According to a study conducted by The National Assessment of Educational Progress, “Only 13% of (high school) students scored proficient in history and only 22% scored proficient in civics on the National Assessment of Educational Progress; 40% of students scored below the basic level of knowledge in U.S. history, a decline from 34% in 2018.” When only around one in ten students understand their country’s history, students need to be in history classes more now than ever before. Summer social science classes fail to give students a true understanding of their country’s people and societies, but AP does the opposite, allowing students to develop a deep, college level understanding of the world and civic affairs.

   “In a summer social science course, you are not going to develop skills you need in everyday life, like understanding human connections, people, and societies,” stated APUSH student Gabriela Sanchez. “In AP, you have to actually understand and apply these patterns. In the summer, you can blow through an online module and quizlet your way through all the tests.”

    Apart from missed opportunities for students to develop crucial abilities and a decline in AP social science enrollment, summer social science classes threaten the Gabrielino social science department as a whole. Due to an increasing number of Gabrielino students enrolling in summer social science classes each year, the department has lost multiple class sections and teaching positions. 

   “The social sciences department used to have twelve staff members, and we’re down to eight due to get ahead,” explained Peters. “Even though there is declining enrollment in general, a quarter of students are taking social studies in the summer, which is something like twelve sections. That’s two whole teaching positions the social science department has lost due to get ahead.”

   For Gabrielino students, it may be a bit extreme to ban summer get ahead classes altogether. After all, students may have familial responsibilities or a part time job which keeps them from having a six period schedule. However, action should be taken to discourage students from taking get ahead social science classes unless absolutely necessary.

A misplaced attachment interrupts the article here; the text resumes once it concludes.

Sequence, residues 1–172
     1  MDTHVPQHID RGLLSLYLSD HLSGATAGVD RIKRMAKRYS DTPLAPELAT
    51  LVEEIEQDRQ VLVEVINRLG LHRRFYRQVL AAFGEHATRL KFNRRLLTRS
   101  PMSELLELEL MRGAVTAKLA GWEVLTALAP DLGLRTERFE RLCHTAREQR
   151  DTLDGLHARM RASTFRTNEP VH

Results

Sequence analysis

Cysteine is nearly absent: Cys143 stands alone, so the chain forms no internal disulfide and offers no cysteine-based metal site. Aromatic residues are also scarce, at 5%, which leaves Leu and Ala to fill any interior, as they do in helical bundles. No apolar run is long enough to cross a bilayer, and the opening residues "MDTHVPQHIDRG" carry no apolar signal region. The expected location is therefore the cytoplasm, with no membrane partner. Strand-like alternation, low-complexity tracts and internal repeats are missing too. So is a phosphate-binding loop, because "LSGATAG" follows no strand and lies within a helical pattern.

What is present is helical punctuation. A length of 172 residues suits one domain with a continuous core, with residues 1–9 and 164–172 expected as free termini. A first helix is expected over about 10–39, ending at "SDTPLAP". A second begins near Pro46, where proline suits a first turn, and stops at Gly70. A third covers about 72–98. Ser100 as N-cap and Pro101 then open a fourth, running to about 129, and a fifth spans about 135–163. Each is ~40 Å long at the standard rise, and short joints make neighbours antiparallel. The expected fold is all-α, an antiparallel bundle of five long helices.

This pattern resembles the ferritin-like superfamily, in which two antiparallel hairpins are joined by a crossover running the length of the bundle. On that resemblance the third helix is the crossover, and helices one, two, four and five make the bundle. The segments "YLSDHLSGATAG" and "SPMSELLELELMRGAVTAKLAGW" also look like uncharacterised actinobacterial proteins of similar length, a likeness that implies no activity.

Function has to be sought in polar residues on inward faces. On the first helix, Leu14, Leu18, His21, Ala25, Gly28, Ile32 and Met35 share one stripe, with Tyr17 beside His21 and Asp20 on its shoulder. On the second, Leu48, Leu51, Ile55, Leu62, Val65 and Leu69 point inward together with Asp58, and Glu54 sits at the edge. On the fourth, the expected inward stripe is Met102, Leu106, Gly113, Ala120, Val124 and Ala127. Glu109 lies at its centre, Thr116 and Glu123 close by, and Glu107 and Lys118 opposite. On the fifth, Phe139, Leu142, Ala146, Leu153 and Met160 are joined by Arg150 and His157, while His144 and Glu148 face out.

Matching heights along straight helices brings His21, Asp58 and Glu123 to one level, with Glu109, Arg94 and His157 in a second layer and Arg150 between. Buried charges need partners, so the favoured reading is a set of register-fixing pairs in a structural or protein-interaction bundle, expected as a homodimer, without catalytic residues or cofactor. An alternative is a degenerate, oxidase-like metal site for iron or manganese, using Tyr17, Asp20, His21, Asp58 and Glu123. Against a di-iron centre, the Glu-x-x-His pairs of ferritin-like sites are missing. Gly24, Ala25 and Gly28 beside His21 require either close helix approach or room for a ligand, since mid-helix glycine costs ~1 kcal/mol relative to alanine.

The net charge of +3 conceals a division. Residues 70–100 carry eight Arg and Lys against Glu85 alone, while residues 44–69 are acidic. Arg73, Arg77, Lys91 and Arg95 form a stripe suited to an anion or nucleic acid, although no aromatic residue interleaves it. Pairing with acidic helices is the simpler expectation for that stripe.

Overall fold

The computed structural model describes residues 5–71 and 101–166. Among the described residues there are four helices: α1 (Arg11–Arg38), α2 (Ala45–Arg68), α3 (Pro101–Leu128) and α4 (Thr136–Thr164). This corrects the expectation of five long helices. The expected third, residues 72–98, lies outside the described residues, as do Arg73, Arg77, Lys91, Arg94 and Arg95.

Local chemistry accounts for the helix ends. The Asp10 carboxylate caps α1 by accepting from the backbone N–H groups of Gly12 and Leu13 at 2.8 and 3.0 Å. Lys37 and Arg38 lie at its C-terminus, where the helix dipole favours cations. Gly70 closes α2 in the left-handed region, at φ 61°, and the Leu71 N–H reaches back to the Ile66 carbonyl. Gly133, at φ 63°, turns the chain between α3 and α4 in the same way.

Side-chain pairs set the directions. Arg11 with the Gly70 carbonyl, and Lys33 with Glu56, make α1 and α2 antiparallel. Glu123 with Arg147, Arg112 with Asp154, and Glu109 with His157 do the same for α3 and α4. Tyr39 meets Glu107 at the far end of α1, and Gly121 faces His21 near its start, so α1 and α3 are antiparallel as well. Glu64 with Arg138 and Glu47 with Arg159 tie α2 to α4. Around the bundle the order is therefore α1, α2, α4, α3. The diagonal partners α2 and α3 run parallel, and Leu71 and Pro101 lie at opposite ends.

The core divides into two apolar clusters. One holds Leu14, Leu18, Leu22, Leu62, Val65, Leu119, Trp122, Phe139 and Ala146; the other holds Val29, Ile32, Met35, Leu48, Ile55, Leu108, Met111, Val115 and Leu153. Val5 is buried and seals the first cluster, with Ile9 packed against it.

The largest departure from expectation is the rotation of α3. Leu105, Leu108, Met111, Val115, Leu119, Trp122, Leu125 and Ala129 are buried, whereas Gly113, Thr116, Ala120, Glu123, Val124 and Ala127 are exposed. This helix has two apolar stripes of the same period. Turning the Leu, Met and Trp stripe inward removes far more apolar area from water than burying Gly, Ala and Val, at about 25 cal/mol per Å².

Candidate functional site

“I think the best way to boost AP and regular social science enrollment is to make students understand the significance of their social science classes,” stated Sanchez. “In a summer social science class, there is no way to fully internalize what you are learning. When you become an adult and it’s time to implement the lessons you should have learned from your social science classes as a voter, like AP United States History, you lack the knowledge base to make them.” 

   Ultimately, it is in the best interest of both Gabrielino students and teachers that summer social science enrollment is discouraged. To better prepare Gabrielino students for the real world, protect social science teachers, and maintain social science enrollment, summer social sciences should be advised against and reserved only for special circumstances.

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About the Contributors
Mark Chammas
Mark Chammas, Staff Writer
Mark Chammas is a Staff Writer for the school newspaper. This is his first year on the team. Outside of his journalistic pursuits, Mark enjoys reading celebrity memoirs, listening to music, and playing video games. He joined the newspaper out of his love for writing and his appreciation for the school paper. Mark aims to cover topics of personal interest and address school-related issues he believes need more attention.
Brian Ly
Brian Ly, Production Chief
Brian Ly is the Production Chief for the Tongva Times and is entering his fourth year with the paper. In his personal life, Brian has a keen interest in insects, collectible card games, books, and movies. He even aspires to raise his own "Gregor Samsas" when he finds the right environment. Interestingly, Brian initially joined the newspaper in his freshman year, mistaking it for a history class due to the presence of a textbook. Despite the unexpected start, he remained with the Tongva Times, drawn by the strong sense of community and the chance to interact with diverse individuals, from school athletes to the mayor of San Gabriel.